Scientists peering at a "warm Neptune" roughly 430 light-years away have discovered far less water in the gassy planet's atmosphere than they expected — which puts it at odds with the ice giants in our own solar system.
The atmosphere of HAT-P-26b, described in the journal Science, runs counter to some long-standing theories about planetary development and could help scientists understand the diversity of worlds beyond our own.
"This is providing insight into how planets could form and evolve different than our solar system," said lead author Hannah Wakeford, an astrophysicist at NASA Goddard Space Flight Center. "And that really tells us about how unique or easy it is to form a solar system like our own."
When astronomers first began to find exoplanets around distant stars, they mostly found "hot Jupiters" — planets that were sometimes many times the size of our largest planet and sat very close to their host star. (These were the easiest to find at first, because they circled frequently and blocked a fairly large share of starlight.)
But the bumper crops of worlds that have followed in recent years have shown that the most common of planets might not be Earth-like rocks or Saturn-like gas balls, but Neptune-sized planets caught in the middle range.
In terms of composition, large gas giants like Jupiter are close to stars — they're enormous balls of hydrogen and helium with a tiny sprinkling of heavier elements. (Astronomers typically refer to anything heavier than helium as a "metal.") Among the gassy planets in our solar system, there's a clear pattern: the smaller the planet, the greater the share of heavy elements. Jupiter's metallicity is five times that of the sun, while slightly smaller Saturn has a metallicity that's 10 times the Sun's. Neptune and Uranus have metallicities that are 100 times higher.
Scientists think that Neptune and Uranus formed farther out in the disc of gas and dust that circled our nascent star, incorporating plenty of ices rich in heavier elements. Saturn and Jupiter, on the other hand, formed in a relatively warmer part of the disc with less ice, and so have fewer 'metals' in their bodies.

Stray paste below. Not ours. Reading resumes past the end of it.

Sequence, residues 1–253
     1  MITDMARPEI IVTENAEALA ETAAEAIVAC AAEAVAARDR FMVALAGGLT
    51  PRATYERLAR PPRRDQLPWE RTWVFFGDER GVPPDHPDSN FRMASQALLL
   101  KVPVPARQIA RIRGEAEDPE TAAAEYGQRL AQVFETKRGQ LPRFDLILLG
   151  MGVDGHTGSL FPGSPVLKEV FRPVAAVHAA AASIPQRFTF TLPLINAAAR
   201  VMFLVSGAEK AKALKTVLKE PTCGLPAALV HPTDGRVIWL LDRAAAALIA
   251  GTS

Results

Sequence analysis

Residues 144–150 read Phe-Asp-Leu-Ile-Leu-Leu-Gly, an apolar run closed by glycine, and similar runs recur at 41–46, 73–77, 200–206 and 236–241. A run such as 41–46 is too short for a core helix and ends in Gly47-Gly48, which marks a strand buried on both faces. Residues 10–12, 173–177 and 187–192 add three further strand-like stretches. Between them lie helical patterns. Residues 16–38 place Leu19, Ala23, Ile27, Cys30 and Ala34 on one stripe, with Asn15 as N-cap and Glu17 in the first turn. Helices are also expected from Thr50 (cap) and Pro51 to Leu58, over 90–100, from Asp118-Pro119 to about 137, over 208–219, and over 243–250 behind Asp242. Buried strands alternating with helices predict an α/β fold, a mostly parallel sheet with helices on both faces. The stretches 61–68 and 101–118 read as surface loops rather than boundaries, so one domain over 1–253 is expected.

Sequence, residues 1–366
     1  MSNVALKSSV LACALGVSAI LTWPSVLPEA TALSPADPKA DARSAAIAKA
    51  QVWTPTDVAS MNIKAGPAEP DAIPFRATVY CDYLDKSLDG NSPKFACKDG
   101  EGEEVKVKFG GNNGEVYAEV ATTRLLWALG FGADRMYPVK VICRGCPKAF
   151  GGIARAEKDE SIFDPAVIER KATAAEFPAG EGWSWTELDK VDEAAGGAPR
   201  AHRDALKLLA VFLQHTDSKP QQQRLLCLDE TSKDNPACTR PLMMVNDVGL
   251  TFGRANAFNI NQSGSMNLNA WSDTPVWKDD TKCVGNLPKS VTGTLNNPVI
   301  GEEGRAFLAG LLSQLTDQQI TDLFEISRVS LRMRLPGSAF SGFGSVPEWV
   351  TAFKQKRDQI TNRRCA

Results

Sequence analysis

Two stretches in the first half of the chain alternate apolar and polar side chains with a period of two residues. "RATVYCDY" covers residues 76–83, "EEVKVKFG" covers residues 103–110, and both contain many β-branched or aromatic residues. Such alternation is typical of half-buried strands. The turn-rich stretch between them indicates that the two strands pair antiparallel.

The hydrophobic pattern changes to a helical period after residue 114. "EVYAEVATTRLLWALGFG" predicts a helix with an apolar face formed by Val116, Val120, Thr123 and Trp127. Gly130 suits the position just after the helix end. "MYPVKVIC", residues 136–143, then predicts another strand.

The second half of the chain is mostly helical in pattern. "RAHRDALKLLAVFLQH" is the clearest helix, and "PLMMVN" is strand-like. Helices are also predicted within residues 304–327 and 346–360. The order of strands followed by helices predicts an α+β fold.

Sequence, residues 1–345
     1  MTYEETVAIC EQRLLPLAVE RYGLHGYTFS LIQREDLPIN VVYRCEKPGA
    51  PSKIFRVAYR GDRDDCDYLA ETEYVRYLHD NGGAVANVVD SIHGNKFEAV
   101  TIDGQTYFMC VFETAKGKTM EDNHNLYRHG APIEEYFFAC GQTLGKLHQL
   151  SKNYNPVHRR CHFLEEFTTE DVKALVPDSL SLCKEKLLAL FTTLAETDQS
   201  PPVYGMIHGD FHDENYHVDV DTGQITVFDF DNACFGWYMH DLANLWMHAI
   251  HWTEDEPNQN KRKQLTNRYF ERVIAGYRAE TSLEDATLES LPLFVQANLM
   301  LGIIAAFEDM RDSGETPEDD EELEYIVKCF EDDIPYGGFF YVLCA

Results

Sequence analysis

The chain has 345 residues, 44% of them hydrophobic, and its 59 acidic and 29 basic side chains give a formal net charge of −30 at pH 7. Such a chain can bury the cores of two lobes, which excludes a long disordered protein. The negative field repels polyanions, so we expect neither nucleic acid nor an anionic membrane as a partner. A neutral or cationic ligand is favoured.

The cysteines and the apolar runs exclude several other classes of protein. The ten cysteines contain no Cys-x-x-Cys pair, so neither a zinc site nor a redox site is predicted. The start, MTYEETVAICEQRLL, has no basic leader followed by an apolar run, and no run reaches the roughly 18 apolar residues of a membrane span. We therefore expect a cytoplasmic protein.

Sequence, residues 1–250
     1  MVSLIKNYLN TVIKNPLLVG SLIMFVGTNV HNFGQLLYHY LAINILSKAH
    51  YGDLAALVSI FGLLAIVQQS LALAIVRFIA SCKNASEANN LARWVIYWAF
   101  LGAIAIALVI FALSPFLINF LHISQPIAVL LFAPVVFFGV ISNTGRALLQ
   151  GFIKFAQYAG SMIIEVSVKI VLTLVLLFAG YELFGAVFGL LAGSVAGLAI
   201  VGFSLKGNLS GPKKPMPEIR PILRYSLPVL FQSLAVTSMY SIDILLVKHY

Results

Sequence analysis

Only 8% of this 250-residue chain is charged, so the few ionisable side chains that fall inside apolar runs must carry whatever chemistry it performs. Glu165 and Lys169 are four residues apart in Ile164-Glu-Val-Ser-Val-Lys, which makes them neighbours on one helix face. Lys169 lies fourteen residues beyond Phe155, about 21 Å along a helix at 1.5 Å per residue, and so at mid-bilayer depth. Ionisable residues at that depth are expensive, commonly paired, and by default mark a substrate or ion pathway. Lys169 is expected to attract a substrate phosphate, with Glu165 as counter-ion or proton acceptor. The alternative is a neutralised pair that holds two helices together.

But HAT-P-26b is a warm Neptune, not a cold one. Unlike any of the gassy planets in our solar system, it sits close enough to its host star that its surface temperature is roughly 1320 degrees Fahrenheit. Studying its atmosphere could tell researchers which formation theories hold up in distant planetary systems.
Astronomers were able to study HAT-P-26b's atmosphere using four transits seen by NASA's Hubble Space Telescope and two seen by NASA's Spitzer Space Telescope, with a technique known as transmission spectroscopy.
As the planet passes in front of its host star, some starlight filters through the atmosphere, where its unique mix of chemicals absorbs some wavelengths and allows others to pass. By examining which wavelengths are missing, researchers can work backwards to determine what chemicals were present.
The researchers found low clouds of disodium sulfide, and above that an atmosphere full of water vapor.
"It's going to be like D.C. on a really horrible summer day," Wakeford said.
Since the oxygen in water counts as a "metal," the scientists could extrapolate the overall metallicity from the water's abundance. And they found, in spite of the D.C.-like humidity, that the metallicity of this Neptune-sized planet was surprisingly low — about 4.8 times the sun's, or roughly the same as Jupiter.
"That tells us a little bit about where this planet likely formed," Wakeford said. "And that means that it probably formed much closer to its star, or later in the disc lifetime where it wasn't bombarded by icy debris and rich heavy elements whilst it was forming."
So which theory is correct? It could potentially be a combination of the two, Wakeford said — but for the moment it's hard to say, given how many unknowns there still are.
"We did not know that you could form these-sized planets closer to their star," Wakeford said. "We only really have our solar system to go by on this. So it's really interesting to see this diversity from exoplanets."
Future instruments, like NASA's James Webb Space Telescope set for launch in 2018, should be able to answer that question by proving even more planetary atmospheres.
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